What of the future of Manufacturing in Australia? A leader's thoughts on sustainability, diversification & collab| Tuesday February 16
Small Biz Matters – #194 Providing the small business community with educational content and advocacy since 2014
with Alexi Boyd, broadcaster, advocate and small business owner.
Date: 2 February 2021
According to our guest Ben Joseph, manufacturing in Australia is the one sector in which you SHOULDN’T niche. With tight margins, a globally competitive industry and fragile supply chains, a lack of diversification can mean you can’t adapt fast. For instance, when a global shutdown strikes how can you pivot your way out of that one? The industry, like all other small businesses, has learned a great deal from 2020. Good, solid processes, tech integration, communication and of course resilience have been necessities for survival into 2021.
Part of Josco’s recipe for success has been solid processes, access to real time data through reliable tech integration but more important than that - communication with key stakeholders. When the world shut down ‘cause of COVID they relied on those relationships to build back up again. And some were in Australia and some overseas. See, diversification in action!
But what of the future of the industry and the reality of being independent in Australia - is it just a pipe dream? Is it the industry which will drive change or does key policy makers have a role to play to shape its future.
Let’s hear from Ben, who has lots to say on the issues of the future of the industry, procedures, tech integration, communication and of course resilience necessary for survival from 2020 into 2021.
- What would you like to see in terms of the the future of manufacturing in Australia and whether it, in reality, can be sustainable?
- A “blended” approach and working collaboratively and utilising the skills in which we excel seems to work at the moment
- But the industry needs to be evolving and adaptable all the time.
- What did 2020 teach us about globalisation? The fact is there are risks as well as positives
- What is the Government focusing - innovative manufacturing, reducing the dependency on one nation as our “factory”. Innovation reduces our dependency on nations which provide labour cheaply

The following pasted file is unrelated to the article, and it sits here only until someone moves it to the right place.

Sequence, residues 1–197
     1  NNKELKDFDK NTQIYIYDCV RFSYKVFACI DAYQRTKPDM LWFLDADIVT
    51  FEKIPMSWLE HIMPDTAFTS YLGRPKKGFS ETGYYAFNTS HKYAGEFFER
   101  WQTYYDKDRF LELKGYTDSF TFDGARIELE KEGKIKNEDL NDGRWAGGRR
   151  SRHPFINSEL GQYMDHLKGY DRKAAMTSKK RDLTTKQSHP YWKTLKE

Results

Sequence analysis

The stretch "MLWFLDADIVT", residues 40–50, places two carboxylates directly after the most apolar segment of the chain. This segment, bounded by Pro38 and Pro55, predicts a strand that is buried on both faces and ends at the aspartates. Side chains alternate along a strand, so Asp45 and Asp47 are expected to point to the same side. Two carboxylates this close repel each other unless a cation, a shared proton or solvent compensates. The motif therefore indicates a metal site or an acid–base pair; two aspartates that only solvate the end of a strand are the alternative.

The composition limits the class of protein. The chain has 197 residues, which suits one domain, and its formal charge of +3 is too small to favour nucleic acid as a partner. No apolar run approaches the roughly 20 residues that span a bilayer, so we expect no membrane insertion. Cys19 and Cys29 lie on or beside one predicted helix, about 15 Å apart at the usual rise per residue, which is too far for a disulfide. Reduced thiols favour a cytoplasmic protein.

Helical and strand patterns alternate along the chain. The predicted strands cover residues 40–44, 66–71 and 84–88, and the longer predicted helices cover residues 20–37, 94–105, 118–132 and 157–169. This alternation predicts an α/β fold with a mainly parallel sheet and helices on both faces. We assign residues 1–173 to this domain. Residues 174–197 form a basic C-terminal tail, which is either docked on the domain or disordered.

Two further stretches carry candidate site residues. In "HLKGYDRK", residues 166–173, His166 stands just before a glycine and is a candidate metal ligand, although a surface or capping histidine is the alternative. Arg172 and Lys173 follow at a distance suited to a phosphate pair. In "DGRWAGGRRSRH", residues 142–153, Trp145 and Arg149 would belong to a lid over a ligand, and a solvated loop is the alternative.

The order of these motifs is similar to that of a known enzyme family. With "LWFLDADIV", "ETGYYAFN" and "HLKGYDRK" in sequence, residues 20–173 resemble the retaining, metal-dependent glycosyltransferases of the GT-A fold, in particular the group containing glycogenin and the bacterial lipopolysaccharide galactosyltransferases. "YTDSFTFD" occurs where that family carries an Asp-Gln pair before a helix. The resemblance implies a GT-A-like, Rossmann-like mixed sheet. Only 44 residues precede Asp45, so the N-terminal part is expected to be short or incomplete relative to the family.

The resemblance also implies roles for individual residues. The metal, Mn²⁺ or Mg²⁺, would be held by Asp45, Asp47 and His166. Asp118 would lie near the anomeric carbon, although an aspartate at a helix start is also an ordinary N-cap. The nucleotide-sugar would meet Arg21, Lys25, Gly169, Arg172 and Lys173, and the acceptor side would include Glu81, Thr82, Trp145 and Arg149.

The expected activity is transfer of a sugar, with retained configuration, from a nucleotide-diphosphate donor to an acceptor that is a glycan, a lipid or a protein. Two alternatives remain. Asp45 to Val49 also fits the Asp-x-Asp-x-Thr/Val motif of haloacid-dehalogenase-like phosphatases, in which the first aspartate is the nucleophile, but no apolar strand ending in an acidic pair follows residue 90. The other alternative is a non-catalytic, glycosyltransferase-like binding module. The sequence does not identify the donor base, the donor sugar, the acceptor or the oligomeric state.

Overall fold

- Describe the affect the COVID crisis had on the manufacturing industry as a whole
- Disruption of supply chains
- Breakdown in communication
- How long did the “panic”last
- Was it a matter of survival of the fittest or was it something about your processes and procedures which meant you could survive?
- Why was being aware of your cash flow position and real time data so important?
- What about the relationships with your suppliers - did they take a beating and did you have to rebuild the trust?
- What lessons did you learn about business continuity now that you’ve come out the other end?
- Planning for the future – where do you invest and how do you make those decisions?
- What do you consider as “Innovation” when reinventing & reinvigorate your business
- Focus on your strengths
- Remote working – how to manage staff
- What are some signs to look out for in for business owners
- how to use the guide to support the conversation?
To find out more go to their website: https://www.josco.com.au/
About our Guest:
Ben Joseph is the Managing Director of Josco Australia, a trusted Australian owned and operated business supplying hand tools and power tool accessories for nearly 45 years.
Originally from Adelaide, Ben spent his formative years in Perth where he commenced his career before moving back to Adelaide and then ultimately Melbourne 27 years ago.
Throughout his working life, Ben has worked for manufacturers, importers, multinationals and iconic Australian businesses, including Hills Industries and Philips Electronics.
As the second generation in the Josco business Ben has seen the business grow from its formation in a back yard garage, to a business now operating nationally throughout Australia New Zealand and the UK, with major customers including Bunnings, Mitre 10, Total Tools and Blackwoods.
In recent years, Ben has worked actively on the business to transition the business to the generation, becoming the major shareholders together with his other director Maury Chalmers. In making this change there has been a transformation from a “family business” to a more corporate professional organisation and the disciplines associated with this. Many of these changes proved highly beneficial as the impact of COVID-19 hit in 2020.
“Trust” is a major focus for both Ben and Josco. As many of Josco’s products are used in heavy duty applications on powerful power tools, the ability of the products to perform under pressure is critical. Over many years the products have been put to the test in the toughest Australian conditions and met the challenge. Josco’s customers and end users “trust” the business and products, for their reliability and ability to get the job done.
Ben is married with 4 sons, one of whom is now the 3rd generation working in the business in a sales capacity.